A useful and informative piece. You can read the whole post here

Mutuals: Financial Times report says the Coalition’s Public Service Reform Plan is On Hold until July

By David Bicknell

A report in the Financial Times has suggested that David Cameron’s plan to free public services “from the grip of state control” has been put on hold until July, in the face of opposition from the Liberal Democrats and public concern over the privatisation of health and social care.

The positive aspect of this story, however, is still that the White Paper has been delayed, not shelved, and that  ‘mid-July’  is still only a few weeks away.

The report says the plan to transform public services through greater use of private providers, mutuals and social enterprises has already been cut back and is now the subject of coalition wrangling.

The FT report says: “Downing St insiders confirmed on Wednesday that the vaunted white paper on reform – originally set for publication in January – is now unlikely to be published until mid-July.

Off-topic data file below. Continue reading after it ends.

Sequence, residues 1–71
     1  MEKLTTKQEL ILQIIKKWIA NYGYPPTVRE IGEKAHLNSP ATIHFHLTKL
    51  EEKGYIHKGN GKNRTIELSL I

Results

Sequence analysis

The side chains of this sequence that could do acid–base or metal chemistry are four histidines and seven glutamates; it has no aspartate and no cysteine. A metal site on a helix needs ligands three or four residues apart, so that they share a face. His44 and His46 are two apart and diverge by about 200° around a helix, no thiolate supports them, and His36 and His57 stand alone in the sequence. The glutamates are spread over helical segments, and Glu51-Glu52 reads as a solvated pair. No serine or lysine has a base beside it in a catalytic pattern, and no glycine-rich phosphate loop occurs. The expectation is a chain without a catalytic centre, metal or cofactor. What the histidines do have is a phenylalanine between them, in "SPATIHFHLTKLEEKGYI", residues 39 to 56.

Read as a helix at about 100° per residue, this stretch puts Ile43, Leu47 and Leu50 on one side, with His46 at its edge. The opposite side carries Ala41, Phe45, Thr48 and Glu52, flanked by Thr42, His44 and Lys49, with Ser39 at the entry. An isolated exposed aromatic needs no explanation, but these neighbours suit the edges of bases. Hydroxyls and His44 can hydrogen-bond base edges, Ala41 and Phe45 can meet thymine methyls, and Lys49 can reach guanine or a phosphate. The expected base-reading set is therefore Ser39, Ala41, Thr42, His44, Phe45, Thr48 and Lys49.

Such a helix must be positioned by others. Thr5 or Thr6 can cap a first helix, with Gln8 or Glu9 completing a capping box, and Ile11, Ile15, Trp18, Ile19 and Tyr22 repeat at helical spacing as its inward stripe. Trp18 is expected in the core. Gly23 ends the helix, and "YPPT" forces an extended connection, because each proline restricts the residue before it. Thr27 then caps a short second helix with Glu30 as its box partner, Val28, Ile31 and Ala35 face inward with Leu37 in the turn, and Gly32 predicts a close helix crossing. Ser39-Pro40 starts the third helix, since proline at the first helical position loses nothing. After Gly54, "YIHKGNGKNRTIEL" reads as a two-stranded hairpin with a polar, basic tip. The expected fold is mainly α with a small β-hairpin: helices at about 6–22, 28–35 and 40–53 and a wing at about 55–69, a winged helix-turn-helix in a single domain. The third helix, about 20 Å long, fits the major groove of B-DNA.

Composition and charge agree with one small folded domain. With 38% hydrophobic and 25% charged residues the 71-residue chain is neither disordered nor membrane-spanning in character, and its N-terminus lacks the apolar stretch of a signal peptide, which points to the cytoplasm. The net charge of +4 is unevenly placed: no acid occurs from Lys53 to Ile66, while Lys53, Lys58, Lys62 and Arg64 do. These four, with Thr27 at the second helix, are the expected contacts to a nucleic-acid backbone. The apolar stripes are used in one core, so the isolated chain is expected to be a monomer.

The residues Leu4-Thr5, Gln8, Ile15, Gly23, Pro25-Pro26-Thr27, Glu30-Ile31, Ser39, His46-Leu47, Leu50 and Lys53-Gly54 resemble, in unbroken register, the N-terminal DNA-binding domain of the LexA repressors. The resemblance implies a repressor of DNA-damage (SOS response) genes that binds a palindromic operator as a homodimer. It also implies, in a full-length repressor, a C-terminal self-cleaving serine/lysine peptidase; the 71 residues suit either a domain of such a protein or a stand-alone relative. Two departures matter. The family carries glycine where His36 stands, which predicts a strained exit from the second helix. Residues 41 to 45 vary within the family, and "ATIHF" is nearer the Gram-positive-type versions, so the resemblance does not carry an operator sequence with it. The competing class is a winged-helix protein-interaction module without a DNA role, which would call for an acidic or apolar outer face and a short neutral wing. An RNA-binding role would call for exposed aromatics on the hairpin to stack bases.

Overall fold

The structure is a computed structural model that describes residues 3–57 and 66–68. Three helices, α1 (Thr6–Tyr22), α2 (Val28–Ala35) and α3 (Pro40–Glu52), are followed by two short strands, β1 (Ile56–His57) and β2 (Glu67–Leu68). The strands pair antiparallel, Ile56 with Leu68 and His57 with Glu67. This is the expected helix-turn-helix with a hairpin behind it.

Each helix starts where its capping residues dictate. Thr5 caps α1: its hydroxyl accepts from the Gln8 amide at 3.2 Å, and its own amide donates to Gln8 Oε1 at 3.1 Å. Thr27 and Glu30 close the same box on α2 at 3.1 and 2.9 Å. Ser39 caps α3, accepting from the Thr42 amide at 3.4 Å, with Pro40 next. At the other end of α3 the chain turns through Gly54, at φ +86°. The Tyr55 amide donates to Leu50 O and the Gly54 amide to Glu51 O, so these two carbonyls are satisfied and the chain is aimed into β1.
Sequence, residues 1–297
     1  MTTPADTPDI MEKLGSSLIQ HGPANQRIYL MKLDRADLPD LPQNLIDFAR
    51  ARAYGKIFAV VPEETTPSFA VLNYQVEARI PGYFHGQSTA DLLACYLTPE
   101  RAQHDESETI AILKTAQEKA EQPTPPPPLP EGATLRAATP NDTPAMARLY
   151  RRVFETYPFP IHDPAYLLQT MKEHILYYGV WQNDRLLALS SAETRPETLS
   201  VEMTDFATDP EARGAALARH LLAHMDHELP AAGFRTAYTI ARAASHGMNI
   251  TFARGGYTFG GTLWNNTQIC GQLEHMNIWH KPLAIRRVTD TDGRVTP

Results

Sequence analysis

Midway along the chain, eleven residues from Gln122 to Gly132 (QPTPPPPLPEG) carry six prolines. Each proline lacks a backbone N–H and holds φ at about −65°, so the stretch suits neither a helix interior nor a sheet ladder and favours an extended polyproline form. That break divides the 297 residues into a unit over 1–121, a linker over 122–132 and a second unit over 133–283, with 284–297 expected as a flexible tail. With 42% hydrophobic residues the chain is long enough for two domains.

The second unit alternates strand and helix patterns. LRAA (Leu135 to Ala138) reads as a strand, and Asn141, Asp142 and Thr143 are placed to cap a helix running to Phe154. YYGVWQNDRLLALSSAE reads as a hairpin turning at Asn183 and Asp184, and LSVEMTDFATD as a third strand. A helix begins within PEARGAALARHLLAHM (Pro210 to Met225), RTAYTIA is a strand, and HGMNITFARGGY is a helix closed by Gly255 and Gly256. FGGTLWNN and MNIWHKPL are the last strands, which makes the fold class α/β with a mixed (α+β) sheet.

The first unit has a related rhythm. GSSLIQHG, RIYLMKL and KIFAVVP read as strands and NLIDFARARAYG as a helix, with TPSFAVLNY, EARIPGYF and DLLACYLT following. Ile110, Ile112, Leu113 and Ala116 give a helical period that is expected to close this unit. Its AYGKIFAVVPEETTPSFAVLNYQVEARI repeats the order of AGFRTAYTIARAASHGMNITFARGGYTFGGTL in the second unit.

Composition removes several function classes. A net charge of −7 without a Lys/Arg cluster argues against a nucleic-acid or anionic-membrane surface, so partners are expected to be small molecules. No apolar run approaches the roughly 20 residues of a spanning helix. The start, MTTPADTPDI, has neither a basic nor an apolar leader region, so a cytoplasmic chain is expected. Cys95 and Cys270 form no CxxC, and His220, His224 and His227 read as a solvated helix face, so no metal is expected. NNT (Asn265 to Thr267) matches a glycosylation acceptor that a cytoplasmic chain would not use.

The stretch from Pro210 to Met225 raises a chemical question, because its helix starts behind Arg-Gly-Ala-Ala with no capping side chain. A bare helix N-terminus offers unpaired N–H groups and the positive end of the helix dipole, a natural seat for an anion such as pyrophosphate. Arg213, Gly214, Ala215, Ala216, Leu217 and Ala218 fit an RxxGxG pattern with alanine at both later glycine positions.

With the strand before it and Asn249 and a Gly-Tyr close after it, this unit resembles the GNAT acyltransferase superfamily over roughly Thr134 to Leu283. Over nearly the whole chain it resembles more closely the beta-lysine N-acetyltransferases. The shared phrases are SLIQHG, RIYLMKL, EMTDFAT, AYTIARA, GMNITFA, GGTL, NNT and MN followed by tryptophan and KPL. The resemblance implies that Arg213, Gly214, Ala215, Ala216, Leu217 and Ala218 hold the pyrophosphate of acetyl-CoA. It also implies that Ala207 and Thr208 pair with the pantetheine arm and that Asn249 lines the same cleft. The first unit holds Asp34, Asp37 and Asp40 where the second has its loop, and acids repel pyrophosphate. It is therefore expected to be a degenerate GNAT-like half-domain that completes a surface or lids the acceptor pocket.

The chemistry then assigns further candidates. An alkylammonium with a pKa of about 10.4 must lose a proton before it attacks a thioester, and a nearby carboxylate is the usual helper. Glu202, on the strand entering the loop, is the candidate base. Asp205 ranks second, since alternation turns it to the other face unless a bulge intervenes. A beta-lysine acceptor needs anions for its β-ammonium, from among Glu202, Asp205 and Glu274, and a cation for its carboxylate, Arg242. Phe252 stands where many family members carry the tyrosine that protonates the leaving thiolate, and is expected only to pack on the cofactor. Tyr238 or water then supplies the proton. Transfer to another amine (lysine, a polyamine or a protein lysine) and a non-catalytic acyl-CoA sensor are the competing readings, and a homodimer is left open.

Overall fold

“Mr Cameron has already been forced to abandon a proposal in last year’s comprehensive spending review that the white paper should set quotas for handing over public services to independent providers.

“In February, he promised to create “a new presumption” for public services to be open to a range of providers competing to offer a better service.

“Conservative officials said work was under way to create a white paper that set the framework for the coalition’s approach to the public services, including opening up opportunities for small and medium-sized companies and mutuals.

“An earlier draft largely set out existing government plans, including cutting the cost of Whitehall procurement by centralising much of it, encouraging a million public sector employees to form social enterprises and using payment by results for welfare-to-work and offender rehabilitation.

“Nick Clegg, deputy prime minister, is insisting the final white paper does not pave the way for the wholesale privatisation of public services – resisting a push for a big expansion in independent provision by Mr Cameron’s policy adviser Steve Hilton.

“Nick does not want there to be any sense that the public sector can’t be a provider of good quality public services,” said one Lib Dem official.”